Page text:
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Davey, C L, McDonald, J, Lowe, D, Duff, R, Powell, J A and Powell, J E (2006) Defects liability management by design. Building Research & Information, 34(02), 145–53.

Fernie, S, Leiringer, R and Thorpe, T (2006) Change in construction: a critical perspective. Building Research & Information, 34(02), 91–103.

Gluch, P and Stenberg, A-c (2006) How do trade media influence green building practice?. Building Research & Information, 34(02), 104–17.

Gormley, M and Campbell, D P (2006) Modelling water reduction effects: method and implications for horizontal drainage. Building Research & Information, 34(02), 131–44.

Hartwig, J and Kockat, J (2016) Macroeconomic effects of energetic building retrofit: Input-output sensitivity analyses. Construction Management and Economics, 34(02), 79-97.

Koskela, L and Ballard, G (2006) Should project management be based on theories of economics or production?. Building Research & Information, 34(02), 154–63.

Lai, C-m and Chiang, C-m (2006) How phase change materials affect thermal performance: hollow bricks. Building Research & Information, 34(02), 118–30.

Leung, M-y, Liang, Q and Yu, J (2016) Development of a mindfulness-stress-performance model for construction workers. Construction Management and Economics, 34(02), 110-28.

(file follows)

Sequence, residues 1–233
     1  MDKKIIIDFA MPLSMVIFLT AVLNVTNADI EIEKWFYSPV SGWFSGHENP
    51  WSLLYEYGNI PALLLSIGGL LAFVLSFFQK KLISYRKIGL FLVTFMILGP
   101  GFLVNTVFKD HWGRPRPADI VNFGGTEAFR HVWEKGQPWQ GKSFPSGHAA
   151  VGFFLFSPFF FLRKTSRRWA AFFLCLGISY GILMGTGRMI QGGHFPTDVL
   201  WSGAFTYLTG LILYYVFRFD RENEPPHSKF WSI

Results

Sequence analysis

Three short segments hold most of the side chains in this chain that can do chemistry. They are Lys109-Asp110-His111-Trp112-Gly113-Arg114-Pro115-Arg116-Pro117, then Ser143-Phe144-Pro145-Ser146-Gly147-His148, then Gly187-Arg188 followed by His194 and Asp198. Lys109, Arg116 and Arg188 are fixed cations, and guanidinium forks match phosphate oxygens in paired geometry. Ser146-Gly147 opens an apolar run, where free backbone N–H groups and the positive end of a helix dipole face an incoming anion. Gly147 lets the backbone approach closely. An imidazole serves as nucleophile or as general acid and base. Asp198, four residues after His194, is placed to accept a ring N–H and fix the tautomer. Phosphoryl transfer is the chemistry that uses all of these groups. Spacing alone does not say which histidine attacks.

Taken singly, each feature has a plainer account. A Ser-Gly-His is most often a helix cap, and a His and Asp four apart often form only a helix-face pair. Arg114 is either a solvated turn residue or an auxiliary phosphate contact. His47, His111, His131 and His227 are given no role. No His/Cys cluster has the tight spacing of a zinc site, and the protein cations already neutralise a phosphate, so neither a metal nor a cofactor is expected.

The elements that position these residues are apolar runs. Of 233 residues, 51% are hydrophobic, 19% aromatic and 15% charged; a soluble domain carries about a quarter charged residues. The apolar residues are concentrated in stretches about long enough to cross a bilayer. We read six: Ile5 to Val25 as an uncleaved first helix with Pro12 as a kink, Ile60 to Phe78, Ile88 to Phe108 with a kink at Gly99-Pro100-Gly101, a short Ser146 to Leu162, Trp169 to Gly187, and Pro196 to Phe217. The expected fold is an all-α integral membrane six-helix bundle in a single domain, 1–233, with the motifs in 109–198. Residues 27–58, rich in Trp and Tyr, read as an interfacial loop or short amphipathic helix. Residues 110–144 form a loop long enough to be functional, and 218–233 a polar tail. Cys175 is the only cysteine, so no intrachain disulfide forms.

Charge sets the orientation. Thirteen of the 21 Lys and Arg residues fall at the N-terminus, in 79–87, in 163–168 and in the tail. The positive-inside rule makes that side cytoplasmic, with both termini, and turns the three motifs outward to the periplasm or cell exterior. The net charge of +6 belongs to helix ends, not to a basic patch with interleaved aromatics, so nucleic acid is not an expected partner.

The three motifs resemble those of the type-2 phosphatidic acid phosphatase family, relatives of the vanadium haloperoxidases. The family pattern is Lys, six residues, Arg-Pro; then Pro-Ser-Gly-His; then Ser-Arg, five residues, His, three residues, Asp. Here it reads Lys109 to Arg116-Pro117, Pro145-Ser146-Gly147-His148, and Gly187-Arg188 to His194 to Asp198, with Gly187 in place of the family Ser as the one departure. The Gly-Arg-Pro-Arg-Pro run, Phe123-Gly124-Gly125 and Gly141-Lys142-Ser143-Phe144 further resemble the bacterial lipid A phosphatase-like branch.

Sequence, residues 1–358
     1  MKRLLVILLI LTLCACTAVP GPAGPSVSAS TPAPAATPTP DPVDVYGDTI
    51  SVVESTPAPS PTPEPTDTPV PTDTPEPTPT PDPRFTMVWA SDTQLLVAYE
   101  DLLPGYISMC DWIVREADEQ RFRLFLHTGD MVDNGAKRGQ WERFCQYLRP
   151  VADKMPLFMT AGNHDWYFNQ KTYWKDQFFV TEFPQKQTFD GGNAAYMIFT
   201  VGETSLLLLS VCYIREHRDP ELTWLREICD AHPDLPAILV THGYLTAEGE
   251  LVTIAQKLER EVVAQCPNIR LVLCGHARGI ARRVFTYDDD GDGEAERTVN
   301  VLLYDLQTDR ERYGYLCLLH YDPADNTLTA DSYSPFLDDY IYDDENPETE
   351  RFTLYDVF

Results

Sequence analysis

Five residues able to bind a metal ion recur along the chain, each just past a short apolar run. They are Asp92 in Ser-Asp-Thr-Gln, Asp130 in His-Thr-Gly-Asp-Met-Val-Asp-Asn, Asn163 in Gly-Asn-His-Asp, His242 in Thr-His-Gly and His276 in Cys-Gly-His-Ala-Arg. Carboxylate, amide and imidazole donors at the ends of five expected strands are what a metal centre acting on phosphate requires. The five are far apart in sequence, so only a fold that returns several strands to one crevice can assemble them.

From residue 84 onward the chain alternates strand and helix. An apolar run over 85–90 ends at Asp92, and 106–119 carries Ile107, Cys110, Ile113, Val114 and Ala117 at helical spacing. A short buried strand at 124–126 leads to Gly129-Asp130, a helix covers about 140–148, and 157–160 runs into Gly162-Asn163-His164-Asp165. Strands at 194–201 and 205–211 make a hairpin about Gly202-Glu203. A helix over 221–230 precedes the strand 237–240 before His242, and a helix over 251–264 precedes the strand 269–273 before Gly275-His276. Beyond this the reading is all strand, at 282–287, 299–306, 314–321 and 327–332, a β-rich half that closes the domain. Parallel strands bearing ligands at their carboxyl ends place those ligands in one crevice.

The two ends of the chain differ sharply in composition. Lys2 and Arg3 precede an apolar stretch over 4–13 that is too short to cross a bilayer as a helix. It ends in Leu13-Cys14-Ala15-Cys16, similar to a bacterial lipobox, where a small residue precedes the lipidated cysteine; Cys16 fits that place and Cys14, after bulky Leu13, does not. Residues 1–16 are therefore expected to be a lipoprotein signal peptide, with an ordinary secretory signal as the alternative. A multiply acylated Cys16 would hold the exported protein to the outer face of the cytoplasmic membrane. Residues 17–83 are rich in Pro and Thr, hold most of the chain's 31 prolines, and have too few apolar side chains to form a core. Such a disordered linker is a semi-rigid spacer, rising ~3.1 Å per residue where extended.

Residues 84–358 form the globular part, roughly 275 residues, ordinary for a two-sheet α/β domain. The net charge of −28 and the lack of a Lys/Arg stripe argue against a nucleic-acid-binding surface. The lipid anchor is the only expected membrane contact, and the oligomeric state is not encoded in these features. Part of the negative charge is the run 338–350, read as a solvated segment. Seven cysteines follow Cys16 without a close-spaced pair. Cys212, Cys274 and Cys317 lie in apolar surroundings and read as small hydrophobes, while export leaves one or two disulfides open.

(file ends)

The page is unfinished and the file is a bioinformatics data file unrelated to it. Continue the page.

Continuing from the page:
Pulkka, L, Ristimäki, M, Rajakallio, K and Junnila, S (2016) Applicability and benefits of the ecosystem concept in the construction industry. Construction Management and Economics, 34(02), 129-16.

Venselaar, M and Gruis, V (2016) Studying intra-organizational dynamics in implementing supply chain partnering: A case study about work floor experiences in a Dutch housing association. Construction Management and Economics, 34(02), 98-109.

Winch, G M (2006) Towards a theory of construction as production by projects. Building Research & Information, 34(02), 164–74.

  • Type: Journal Article
  • Keywords: Lean construction; project management; risk management; transaction cost economics; uncertainty; value
  • ISBN/ISSN: 0961-3218
  • URL: http://journalsonline.tandf.co.uk/link.asp?id=j50470x57292810p
  • Abstract:
    This paper responds to the invitation to debate the theory of production in construction from the advocates of lean construction. In particular, it is a response to Koskela and Ballard's critiques of the theory of project management represented in the Project Management Institute's (PMI) PMBoK, and the ‘economics-based’ approach to construction project management presented by Winch. The paper reviews the theoretical and practical contributions of lean construction before addressing the specific criticisms made. It then suggests that lean construction theory has its own limitations and requires further development in the areas of the definition of process, the concept of organization, the theorization of risk and uncertainty, and its unitary concept of value.